•        Pulling our weight in the global stage.

For reasons of time on this occasion I will not go into any detail under these headings.

The Lisbon Treaty – an epilogue

Like US crime fiction word smiths, please allow me a moment or two to reflect, extremely briefly, on the period of time devoted to the two referenda in Ireland on the Lisbon Treaty.

Personally speaking, the communications challenges, or opportunities if you will, during both periods were enormous.  And, suffice it to say, the right result prevailed!

Nevertheless, I do not believe that it should be taken for granted that the Irish electorate would automatically sign up for any future Treaty change should such an opportunity present itself.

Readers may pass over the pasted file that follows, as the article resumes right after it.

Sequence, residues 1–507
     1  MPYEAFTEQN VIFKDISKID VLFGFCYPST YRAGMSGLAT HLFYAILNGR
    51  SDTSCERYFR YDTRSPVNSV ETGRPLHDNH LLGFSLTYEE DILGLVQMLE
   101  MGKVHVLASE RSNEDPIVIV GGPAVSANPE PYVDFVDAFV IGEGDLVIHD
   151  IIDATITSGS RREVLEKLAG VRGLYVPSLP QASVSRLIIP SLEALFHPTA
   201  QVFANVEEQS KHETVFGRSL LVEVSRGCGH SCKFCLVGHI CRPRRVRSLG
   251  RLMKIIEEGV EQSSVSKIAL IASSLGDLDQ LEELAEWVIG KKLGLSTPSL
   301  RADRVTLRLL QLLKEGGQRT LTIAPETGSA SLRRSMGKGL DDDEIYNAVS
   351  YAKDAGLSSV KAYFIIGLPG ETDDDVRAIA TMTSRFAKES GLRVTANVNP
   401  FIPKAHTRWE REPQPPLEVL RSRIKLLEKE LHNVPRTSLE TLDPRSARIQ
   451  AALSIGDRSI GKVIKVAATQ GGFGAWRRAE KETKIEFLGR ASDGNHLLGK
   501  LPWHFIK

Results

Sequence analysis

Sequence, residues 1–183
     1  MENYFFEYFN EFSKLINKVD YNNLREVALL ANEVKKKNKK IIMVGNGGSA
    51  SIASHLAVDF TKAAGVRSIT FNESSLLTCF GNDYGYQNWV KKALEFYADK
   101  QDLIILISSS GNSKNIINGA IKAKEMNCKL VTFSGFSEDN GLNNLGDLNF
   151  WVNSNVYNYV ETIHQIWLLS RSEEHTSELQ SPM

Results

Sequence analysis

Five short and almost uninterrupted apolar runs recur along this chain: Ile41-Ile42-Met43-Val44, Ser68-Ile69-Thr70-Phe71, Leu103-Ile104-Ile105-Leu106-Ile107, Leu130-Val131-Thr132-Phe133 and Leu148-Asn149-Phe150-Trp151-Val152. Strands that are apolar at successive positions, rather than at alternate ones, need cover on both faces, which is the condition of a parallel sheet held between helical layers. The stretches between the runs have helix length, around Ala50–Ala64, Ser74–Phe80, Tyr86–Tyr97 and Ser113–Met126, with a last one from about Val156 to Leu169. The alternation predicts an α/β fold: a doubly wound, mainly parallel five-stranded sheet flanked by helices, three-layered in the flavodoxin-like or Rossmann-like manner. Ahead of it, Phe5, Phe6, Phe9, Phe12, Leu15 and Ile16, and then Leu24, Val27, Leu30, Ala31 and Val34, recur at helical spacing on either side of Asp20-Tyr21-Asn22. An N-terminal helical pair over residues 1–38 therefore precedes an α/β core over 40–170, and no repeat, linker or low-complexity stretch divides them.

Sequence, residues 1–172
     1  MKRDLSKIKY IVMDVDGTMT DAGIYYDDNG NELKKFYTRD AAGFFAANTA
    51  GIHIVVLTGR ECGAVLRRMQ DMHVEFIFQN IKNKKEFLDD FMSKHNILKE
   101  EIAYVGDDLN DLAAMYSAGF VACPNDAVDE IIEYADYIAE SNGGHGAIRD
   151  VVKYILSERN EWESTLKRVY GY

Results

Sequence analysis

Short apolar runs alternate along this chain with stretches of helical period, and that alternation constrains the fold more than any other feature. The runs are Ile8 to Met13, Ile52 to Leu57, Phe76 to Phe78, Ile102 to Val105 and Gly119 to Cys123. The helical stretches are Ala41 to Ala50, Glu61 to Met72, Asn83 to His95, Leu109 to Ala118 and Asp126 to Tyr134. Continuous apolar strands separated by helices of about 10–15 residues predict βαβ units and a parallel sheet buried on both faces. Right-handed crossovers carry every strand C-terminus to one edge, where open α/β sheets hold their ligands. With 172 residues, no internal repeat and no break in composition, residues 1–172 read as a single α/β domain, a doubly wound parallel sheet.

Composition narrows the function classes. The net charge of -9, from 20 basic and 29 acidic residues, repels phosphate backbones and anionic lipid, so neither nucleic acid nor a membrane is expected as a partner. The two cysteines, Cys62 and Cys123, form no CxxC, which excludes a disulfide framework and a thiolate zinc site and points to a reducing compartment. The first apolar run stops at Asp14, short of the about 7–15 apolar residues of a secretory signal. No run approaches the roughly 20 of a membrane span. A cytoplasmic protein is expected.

Generally speaking, the same structural weaknesses on communicating about such a complex matter remain.

Some are constitutional, some are legal, some are administrative and some are political.  Some of these issues go beyond European treaty referenda.  All I can say is that these matters should be carefully examined and acted upon appropriately after careful consideration and debate.

Understandably the nation's eye is on another ball at present, but some opportunity for greater EU debate presents itself more immediately with the greater role given to the Oireachtas under the Lisbon Treaty.  At least that is a start.

I have little doubt that the internal communications challenges will be faced in time, including I hope greater emphasis being placed in educational curricula on the role of the European Union.

As always, the media can help foment this debate!


I would like again to thank Eileen, Martin, Tim and all members of the Irish Section of the AEJ for their support to me in my official capacity.  Your collegiality and warm friendship will continue with me in pastures new!


Last update: 31/10/2010  |Top